The Absolutely True Diary of a Part-Time Indian | Study Guide

Sherman Alexie

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The Absolutely True Diary of a Part-Time Indian | Symbols


Art and Books

The art in the book tells a parallel story. Ellen Forney's illustrations provide a textual counterpoint that's sharp and often comical, proving Junior's point that a picture is universal. Junior himself wants to be a cartoonist with a wide audience. Art's power to transform and be a tool of survival resounds throughout the book.

Gordy adds that, "Every book is a mystery." Junior knows he can escape into new worlds and learn more about the world he lives in through reading. The literary quotations throughout the novel have different applications to Junior's life. His sister sees her own life as an exciting story in a book, and the sense of adventure and plot help both siblings view their lives as important.

The form of the novel itself emphasizes that while Junior thinks he's nothing, a zero, he's really much more. He's the protagonist in a story that matters.


Sports, basketball in particular, teach Junior as much about conflict and resolution and about himself and others, as his classroom experiences do. Basketball is one of the only entertainments his father allows himself, and it's popular on the reservation.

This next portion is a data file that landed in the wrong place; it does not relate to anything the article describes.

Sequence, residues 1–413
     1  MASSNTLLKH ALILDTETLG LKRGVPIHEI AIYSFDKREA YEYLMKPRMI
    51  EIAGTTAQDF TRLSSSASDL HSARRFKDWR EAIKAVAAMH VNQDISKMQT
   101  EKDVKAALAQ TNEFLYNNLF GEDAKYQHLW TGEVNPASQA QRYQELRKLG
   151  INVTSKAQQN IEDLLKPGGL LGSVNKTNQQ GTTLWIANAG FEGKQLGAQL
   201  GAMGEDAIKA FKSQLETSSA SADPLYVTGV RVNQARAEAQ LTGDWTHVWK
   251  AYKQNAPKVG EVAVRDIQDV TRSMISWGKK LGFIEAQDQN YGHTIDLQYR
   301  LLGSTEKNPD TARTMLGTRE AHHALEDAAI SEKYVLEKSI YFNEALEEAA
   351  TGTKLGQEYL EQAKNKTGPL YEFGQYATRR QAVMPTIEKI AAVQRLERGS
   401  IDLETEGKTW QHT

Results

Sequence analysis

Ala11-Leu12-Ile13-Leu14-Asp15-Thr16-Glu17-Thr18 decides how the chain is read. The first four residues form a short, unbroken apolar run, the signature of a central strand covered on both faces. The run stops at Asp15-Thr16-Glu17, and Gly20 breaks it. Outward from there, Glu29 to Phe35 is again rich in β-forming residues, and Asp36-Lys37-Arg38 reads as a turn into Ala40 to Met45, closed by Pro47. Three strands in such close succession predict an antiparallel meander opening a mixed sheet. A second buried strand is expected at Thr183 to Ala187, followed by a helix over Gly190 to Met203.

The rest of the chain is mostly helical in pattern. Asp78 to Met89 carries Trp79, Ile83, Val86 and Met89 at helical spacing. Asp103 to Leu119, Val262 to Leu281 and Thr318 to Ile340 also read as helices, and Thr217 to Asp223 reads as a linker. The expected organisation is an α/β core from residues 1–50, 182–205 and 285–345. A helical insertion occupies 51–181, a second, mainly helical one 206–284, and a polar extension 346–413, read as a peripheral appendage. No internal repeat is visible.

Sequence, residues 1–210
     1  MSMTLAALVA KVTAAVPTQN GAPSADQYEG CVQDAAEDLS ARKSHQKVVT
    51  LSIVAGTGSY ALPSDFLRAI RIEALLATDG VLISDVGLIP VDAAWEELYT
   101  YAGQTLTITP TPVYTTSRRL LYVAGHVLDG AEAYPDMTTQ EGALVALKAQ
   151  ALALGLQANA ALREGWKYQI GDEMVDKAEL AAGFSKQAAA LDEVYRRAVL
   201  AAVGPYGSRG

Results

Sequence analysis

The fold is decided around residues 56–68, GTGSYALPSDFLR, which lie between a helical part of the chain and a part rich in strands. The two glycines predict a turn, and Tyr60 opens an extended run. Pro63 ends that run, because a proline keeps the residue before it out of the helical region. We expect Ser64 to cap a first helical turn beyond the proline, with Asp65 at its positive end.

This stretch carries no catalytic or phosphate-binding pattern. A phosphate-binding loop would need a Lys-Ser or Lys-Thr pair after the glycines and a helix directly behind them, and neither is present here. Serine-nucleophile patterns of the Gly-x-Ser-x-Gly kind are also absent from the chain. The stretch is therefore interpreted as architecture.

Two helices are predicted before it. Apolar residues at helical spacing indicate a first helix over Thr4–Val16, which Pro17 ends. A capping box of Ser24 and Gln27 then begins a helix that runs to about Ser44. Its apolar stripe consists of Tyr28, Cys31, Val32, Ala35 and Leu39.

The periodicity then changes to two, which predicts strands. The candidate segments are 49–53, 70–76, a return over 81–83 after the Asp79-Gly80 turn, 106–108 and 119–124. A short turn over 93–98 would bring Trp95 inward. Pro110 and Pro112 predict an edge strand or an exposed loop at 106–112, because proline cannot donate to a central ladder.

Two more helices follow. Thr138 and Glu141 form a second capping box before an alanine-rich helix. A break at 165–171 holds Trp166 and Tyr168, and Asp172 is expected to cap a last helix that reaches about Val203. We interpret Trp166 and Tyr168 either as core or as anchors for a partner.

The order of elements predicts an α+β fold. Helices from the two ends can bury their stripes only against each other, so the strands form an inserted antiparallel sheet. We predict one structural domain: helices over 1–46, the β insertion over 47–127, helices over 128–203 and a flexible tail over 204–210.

Yet, more significantly, Junior and others channel energy into sports both as a substitute to and an extension of violence. In this way, the sporting field becomes the modern-day equivalent of the traditional battlefield—a space where players exhibit aggression and skill for both individual and national or tribal glory. Junior reflects on the self-confidence he gains through athletics,

I'd always been the lowest Indian on the reservation totem pole - I wasn't expected to be good so I wasn't. But in Reardan, my coach and the other players wanted me to be good. They needed me to be good. They expected me to be good. And so I became good.


"All Indian families are unhappy for the same reason," Junior says—because of alcohol. Alcohol represents a destructive force in the lives of Native Americans. Drinking dominates celebratory social events in Wellpinit, both bringing people together and increasing their aggression. Junior's father drinks to dull his pain. Alcohol is even used as a balm to soothe alcohol-related deaths, a cruel situational irony that makes Junior realize he needs to break the cycle. He realizes why Native Americans drink, even as he understands how drinking is killing them.

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